The purpose of the trip was to engage with the local people involved in projects that ReSurge Africa is working towards, while also making connections for UFV.

“I started to become comfortable with my day-to-day routine and I wanted a change. I wanted to get perspective,” says Aubin Boisclair. “Offering my support in Sierra Leone was one of the most impactful things I have ever done professionally and personally. The philosophy about training them to be self-sufficient really resonated with me.”

ReSurge also offers a scholarship program for nurses in training, which Aubin Boisclair had the chance to facilitate by interviewing graduates of the program to understand what additional supports are needed.

“We had an opportunity to do recruitment for the scholarship program. We had over 12 applications for the scholarships. It was heartwarming to be a part of changing the landscape of health support for people with so little,” says Aubin Boisclair.

While Smith and Aubin Boisclair visited the town of Makeni, they had the opportunity to spend time at the local university where Smith volunteered from 2011 to 2013. During that time, Smith set up a skills lab and computer lab.

“When I first started seven years ago, the university lab was a room with a corrugated roof and lots of holes. I used to teach there and it was like a hut. Goats would walk through my classroom,” says Smith. “I realized I needed to do more beyond teaching, so I tapped into international companies as part of their social responsibility, and I advocated to have two nursing buildings reconstructed, with electricity and running water.”

Smith trained the local instructors how to use PowerPoint for teaching, and taught the nursing coordinator basic organizational skills to run the department more efficiently. By the time Smith left Sierra Leone in 2013, she left a legacy of a computer lab, a clinical skills lab, and a library.

The lab and library are still running, with a donation of used books from UFV faculty and students, and ICU staff at Chilliwack General Hospital.

“When you think about how often, as Canadians, we update our electronics, the people sustaining this lab are self-taught and using dated equipment. They’ve trained people, built fans for the computers, and set up a network to connect resources from the university to Holy Spirit Hospital,” says Aubin Boisclair.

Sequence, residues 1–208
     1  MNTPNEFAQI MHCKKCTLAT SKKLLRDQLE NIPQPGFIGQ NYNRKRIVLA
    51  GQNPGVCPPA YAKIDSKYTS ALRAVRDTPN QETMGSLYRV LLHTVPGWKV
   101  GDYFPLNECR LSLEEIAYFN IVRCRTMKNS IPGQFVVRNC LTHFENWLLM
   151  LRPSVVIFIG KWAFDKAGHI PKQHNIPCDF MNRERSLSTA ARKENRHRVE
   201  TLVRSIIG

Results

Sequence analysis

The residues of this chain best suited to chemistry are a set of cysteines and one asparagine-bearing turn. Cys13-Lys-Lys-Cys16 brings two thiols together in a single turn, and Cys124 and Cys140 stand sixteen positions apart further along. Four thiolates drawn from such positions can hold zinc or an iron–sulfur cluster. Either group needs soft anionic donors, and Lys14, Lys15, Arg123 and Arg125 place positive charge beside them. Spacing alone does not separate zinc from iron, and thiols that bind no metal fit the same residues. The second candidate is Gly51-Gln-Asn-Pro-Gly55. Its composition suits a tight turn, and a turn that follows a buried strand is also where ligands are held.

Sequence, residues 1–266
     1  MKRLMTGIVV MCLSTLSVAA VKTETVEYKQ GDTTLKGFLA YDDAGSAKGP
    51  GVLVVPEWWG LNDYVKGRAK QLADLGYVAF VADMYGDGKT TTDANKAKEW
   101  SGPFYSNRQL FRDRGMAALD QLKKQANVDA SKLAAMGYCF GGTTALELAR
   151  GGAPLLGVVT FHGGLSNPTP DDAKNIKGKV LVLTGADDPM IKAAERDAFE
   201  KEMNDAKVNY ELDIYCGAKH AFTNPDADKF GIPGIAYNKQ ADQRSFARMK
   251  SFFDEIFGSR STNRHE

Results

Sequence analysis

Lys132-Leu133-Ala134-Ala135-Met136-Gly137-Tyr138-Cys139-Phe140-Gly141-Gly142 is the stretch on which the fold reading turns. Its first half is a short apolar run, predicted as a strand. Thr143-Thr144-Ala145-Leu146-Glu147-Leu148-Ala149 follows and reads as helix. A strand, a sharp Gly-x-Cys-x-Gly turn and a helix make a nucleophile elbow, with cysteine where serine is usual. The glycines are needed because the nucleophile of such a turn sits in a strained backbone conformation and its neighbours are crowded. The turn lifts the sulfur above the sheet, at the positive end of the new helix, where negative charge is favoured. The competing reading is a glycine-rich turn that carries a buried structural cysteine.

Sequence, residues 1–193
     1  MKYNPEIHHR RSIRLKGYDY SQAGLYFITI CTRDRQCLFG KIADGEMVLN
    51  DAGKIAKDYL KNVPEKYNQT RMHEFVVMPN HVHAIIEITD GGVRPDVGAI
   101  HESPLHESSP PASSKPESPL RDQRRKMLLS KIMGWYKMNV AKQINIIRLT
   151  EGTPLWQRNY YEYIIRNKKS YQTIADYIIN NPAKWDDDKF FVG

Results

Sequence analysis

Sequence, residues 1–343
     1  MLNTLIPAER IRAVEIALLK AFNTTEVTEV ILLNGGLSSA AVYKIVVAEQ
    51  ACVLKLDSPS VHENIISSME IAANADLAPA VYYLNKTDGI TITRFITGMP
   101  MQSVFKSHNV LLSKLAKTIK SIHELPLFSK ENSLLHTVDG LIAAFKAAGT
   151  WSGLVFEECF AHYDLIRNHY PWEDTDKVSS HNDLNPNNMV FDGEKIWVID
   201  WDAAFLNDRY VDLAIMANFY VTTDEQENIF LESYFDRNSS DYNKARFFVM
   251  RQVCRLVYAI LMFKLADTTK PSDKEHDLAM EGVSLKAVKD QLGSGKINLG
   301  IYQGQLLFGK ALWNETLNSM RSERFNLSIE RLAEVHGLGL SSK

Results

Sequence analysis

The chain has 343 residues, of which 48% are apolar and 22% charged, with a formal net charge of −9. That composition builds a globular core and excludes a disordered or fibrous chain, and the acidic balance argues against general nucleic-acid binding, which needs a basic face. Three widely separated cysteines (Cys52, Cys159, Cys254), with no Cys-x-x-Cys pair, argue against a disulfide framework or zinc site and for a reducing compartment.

Renette Aubin Boisclair with local children in Sierra Leon.

As part of Smith and Aubin Boisclair’s visit this year, the university in Makeni will be working with Holy Spirit Hospital to build a networking educational system and labs in the hospital that newly trained surgeons and nurses can use to pass down their knowledge.

The long-term goal of the Sierra Leone project in Makeni is to make the reconstructive burns unit a national service.

“In order to do so, we need to collect data on burns injuries, which is extremely difficult because of the lack of care and under-reporting. The data is central to funding the program,” explains Aubin Boisclair.

Aubin Boisclair plans to carry out research for ReSurge by mapping together information on patient safety, quality care, and burns treatment.

Smith and Aubin Boisclair hope to expand opportunities between ReSurge Africa, the university in Makeni, and UFV nursing students to use Sierra Leone as one of the clinical hubs for the nursing program at UFV. “A lot of students have expressed interest in coming with us for their clinical placement,” says Aubin Boisclair.

“We feel the connection between the university in Makeni and UFV would fit well because, after all, we are both striving for strong community engagement. You don’t have to do a lot to have a huge impact. You just have to be present and willing, engaged, and open to the experience,” says Aubin Boisclair.

Smith and Aubin Boisclair will continue their work on servicing the reconstructive burns unit within Makeni, Sierra Leone.